Western Avenue is a street within the city of Chicago. Western Avenue extends south as a continuous road to the Dixie Highway at Sibley Boulevard (Illinois Route 83) in Dixmoor, giving the road a total length of 27.38 miles (44.06 km). Western Avenue, after turning into Asbury Ave, runs out on the north side at Green Bay Road in Evanston and on the south side at Crete-Monee Road in Crete. However, Western Avenue extends intermittently through the Southland to the Will/Kankakee county border in unincorporated Will Township. Within Chicago's grid street system, Western Avenue is 2400 West, three miles west of State Street (0 East/West).
|Former name(s)||24th Avenue|
|Length||27.38 mi (44.06 km)|
|Location||Park Forest, Olympia Fields, Dixmoor, Blue Island, Chicago, Evanston|
|North end||Green Bay Road in Evanston|
|South end||County Line Road (32700 S) in Will Township, at the Will / Kankakee County border|
Western Avenue becomes Asbury Avenue at Howard Street at the Chicago/Evanston border and continues north to Isabella Street on the Evanston/Wilmette border. Unlike Pulaski Road, which was originally Crawford Avenue in both the city and suburbs, Western was always the name in the city. Asbury is only used in Evanston.
In the suburbs, Western Avenue constitutes the boundary between several of Cook County's southern townships. North of 135th Street, Worth Township is on the west and Calumet Township is on the east; from 135th to 183rd Streets, Bremen Township is on the west and Thornton Township is on the east; and south of 183rd Street, Rich Township is on the west and Bloom Township is on the east.
From 1851 to 1869, Western Avenue delineated the western edge of the city of Chicago. Being at the edge of town, it became a picnic spot, and Riverview Park was built at the intersection of Western and Belmont Avenues. The amusement park remained open from 1904 until 1967. The park's property is now home to the Riverview Plaza shopping center, the Belmont District Chicago Police Station, and DeVry University.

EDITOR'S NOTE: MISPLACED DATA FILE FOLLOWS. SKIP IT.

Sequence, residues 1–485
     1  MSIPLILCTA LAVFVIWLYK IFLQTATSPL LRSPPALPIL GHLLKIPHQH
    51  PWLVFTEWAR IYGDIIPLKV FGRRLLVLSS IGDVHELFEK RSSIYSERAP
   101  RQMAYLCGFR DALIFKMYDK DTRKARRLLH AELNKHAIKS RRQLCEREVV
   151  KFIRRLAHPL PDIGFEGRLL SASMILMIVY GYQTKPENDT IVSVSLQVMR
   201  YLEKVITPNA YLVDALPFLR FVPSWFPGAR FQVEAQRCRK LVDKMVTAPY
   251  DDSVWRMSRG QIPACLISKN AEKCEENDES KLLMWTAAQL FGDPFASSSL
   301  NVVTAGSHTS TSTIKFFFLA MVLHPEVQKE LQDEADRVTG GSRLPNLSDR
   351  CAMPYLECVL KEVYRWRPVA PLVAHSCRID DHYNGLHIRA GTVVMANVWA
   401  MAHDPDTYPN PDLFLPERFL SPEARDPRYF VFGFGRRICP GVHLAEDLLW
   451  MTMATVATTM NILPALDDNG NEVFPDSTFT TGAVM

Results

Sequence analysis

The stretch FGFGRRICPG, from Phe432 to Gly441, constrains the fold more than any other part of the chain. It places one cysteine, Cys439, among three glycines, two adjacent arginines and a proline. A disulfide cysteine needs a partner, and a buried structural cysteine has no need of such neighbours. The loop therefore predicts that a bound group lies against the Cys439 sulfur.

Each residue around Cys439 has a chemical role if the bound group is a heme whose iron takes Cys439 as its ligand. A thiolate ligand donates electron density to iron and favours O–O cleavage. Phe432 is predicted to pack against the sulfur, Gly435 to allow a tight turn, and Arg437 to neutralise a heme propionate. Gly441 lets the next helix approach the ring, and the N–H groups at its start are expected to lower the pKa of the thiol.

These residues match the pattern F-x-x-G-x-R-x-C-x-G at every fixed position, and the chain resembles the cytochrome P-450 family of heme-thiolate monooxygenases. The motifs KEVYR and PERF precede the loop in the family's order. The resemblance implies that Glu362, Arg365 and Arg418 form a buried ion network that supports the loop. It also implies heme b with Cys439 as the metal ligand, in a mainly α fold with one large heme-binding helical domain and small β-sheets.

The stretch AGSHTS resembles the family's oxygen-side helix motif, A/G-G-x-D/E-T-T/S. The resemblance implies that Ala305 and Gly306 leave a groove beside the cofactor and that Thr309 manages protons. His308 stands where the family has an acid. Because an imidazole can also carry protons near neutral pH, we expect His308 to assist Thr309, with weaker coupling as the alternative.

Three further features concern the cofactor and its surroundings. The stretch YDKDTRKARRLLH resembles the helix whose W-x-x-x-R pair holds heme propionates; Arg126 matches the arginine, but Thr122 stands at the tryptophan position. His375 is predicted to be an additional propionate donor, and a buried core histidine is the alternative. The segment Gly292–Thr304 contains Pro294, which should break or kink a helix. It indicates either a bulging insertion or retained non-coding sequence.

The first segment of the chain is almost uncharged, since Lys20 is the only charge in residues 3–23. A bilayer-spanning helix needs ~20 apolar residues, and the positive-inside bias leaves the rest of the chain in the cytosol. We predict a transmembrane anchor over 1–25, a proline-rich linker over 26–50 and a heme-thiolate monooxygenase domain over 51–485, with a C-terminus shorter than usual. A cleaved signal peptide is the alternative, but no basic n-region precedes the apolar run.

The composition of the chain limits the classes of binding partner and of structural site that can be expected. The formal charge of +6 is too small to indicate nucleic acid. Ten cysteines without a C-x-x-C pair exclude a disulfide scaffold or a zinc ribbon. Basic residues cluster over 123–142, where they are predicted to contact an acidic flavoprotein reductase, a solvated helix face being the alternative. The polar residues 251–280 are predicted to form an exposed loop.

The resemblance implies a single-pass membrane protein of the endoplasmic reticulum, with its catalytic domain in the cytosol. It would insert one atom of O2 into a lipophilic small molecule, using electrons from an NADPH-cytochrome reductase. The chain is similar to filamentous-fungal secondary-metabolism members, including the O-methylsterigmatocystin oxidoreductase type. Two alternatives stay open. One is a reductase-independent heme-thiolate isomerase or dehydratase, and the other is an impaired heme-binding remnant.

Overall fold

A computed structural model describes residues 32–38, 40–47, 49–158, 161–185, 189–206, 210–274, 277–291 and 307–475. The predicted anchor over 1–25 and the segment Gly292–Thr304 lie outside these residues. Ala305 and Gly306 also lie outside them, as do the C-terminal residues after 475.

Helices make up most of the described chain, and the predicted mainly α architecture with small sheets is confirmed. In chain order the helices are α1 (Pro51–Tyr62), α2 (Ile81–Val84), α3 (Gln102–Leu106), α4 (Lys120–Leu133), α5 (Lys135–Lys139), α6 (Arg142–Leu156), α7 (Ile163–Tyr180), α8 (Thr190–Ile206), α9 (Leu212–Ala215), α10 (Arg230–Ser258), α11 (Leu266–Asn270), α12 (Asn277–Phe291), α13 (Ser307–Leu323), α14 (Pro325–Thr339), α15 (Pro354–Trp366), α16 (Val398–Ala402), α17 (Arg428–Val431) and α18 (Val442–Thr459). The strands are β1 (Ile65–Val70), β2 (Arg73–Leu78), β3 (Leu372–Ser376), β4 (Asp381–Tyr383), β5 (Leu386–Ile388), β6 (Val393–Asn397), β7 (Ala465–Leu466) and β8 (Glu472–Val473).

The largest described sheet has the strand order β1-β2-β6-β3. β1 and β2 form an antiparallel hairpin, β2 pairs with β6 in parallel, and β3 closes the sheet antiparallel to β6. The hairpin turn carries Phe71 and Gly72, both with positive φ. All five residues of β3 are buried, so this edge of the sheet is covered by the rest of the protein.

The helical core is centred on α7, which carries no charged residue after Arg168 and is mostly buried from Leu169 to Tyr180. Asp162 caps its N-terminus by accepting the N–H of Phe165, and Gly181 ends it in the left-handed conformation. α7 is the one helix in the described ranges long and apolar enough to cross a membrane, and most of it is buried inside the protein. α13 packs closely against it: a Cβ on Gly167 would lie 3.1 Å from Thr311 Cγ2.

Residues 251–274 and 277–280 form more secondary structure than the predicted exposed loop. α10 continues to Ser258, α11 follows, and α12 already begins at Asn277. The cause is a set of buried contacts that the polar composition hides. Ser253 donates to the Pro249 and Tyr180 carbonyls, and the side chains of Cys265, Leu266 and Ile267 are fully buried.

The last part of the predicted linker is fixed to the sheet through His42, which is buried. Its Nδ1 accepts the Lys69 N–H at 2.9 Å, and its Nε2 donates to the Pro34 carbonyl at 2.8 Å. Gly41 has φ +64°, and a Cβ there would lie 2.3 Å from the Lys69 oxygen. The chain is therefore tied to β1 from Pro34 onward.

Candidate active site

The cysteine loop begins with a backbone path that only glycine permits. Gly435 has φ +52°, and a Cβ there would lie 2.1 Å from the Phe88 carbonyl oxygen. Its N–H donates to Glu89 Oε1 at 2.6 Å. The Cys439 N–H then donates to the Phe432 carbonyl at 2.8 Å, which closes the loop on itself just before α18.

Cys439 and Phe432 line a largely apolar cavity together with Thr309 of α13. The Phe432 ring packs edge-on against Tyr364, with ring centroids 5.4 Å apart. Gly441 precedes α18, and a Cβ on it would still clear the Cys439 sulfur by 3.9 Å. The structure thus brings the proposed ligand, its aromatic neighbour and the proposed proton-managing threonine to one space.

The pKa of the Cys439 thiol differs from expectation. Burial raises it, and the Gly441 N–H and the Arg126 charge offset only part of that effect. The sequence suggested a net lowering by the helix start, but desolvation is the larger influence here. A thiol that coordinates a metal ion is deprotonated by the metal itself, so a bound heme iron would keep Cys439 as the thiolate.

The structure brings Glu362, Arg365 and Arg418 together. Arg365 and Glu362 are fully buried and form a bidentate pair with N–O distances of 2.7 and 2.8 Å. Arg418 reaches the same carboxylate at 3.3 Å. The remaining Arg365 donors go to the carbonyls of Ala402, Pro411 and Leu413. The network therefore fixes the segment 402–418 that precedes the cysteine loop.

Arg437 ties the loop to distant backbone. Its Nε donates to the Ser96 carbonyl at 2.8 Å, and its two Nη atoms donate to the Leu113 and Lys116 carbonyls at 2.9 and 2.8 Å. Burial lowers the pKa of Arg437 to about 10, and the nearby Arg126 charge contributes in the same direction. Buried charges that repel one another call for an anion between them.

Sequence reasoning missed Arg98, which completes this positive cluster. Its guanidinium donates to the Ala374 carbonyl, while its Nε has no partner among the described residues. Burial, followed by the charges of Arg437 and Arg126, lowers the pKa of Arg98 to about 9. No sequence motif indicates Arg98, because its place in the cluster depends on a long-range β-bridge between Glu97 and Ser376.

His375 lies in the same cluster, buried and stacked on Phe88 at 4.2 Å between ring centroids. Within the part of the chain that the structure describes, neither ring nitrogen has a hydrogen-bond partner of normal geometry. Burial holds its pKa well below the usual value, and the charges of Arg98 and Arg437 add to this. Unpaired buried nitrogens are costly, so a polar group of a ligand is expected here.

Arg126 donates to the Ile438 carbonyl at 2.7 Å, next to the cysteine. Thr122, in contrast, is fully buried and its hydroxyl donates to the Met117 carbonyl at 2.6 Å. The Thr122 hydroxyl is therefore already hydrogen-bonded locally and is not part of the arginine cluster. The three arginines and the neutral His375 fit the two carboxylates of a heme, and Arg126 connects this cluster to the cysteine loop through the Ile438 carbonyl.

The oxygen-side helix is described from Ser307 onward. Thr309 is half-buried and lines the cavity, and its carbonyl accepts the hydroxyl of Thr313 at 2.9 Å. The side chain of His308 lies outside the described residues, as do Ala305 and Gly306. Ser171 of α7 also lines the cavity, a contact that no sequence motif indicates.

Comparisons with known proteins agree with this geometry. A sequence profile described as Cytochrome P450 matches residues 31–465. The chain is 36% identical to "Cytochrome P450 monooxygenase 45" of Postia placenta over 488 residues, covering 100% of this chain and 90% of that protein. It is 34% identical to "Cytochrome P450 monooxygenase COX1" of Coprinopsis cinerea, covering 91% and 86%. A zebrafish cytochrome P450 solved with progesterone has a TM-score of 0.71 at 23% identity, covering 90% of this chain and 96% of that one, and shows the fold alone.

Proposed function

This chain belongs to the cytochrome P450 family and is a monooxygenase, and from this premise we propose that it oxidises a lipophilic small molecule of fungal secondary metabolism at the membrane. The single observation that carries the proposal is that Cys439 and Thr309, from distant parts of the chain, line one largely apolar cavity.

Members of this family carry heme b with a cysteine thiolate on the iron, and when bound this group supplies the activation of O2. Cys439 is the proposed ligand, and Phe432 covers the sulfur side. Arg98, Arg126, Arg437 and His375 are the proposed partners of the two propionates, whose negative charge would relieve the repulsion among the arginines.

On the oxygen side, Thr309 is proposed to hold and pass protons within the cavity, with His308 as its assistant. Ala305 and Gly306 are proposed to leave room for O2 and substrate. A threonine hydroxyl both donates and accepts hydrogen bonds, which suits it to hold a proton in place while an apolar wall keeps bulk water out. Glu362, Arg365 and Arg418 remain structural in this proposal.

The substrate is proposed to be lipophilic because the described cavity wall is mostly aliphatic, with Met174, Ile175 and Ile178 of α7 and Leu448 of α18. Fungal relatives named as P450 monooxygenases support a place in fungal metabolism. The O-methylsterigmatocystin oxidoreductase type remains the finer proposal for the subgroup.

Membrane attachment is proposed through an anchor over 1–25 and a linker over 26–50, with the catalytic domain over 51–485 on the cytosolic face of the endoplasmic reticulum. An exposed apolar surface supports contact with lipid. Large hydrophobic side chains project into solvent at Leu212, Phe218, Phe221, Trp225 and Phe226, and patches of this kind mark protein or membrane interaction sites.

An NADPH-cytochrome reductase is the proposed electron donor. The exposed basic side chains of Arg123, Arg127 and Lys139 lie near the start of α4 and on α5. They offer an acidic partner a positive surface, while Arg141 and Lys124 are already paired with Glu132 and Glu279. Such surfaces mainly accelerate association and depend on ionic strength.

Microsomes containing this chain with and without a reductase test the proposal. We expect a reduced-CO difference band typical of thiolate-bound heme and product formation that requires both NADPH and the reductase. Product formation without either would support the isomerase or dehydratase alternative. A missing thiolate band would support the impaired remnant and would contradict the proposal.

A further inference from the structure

Western Avenue is serviced by many CTA buses and trains. The street is serviced by the Brown Line, Orange Line, Pink Line, two Western stations on the Blue Line on the O'Hare and Forest Park branches, and twice by Metra's commuter lines. There are three CTA buses that run along Western Avenue. The main bus route along Western Avenue is the
49 Western, which runs 24 hours a day/7 days a week from Berwyn Avenue on the North Side to 79th Street on the South Side. The
49B North Western runs from Howard Street at the city's northern border to Leland Avenue, where it connects to the Brown Line. The
349 South Western bus route, which is operated by Pace, has completely replaced CTA service on the former
49A South Western route. This route runs from 79th Street in Chicago to the Pace Harvey Transportation Center in Harvey, Illinois. Western Avenue is also the location of multiple stations of the Metra commuter rail network, on the BNSF Railway Line at (18th & Western), the Milwaukee District / North Line and Milwaukee District / West Line on Artesian near Grand, with the Blue Island–Vermont Street station of the Rock Island District a few blocks east of Western Ave. in Blue Island.
South Side Irish ParadeEdit
Western Avenue also played host to the South Side Irish Parade. Held yearly on the Sunday before St. Patrick's Day, along Western between 103rd and 115th Street in the Beverly and Morgan Park neighborhoods, it was the city's largest neighborhood parade, drawing hundreds of thousands of revelers annually.
The parade was canceled after the 2009 event due to a growing number of public intoxication arrests. There continues to be an annual Irish Festival, to replace the initially family-oriented parade. In 2012, the parade returned.
Chicagoland Toys for Tots Motorcycle ParadeEdit
Since 1979, Western Avenue has been the venue for what is billed as the largest motorcycle parade in the world. On the first Sunday of December, thousands of motorcyclists assemble at the Dan Ryan Woods Forest Preserve at 87th Street and Western Avenue, bringing new, unwrapped toys for donation to the Toys for Tots charity. The parade drives north to deposit toys at Lane Tech at Addison Street, a distance of over fifteen miles. From 1979 through 2008, the parade instead continued north to deliver the toys to the U.S. Marine Corps Reserve station on Foster Avenue, a total distance in excess of eighteen miles.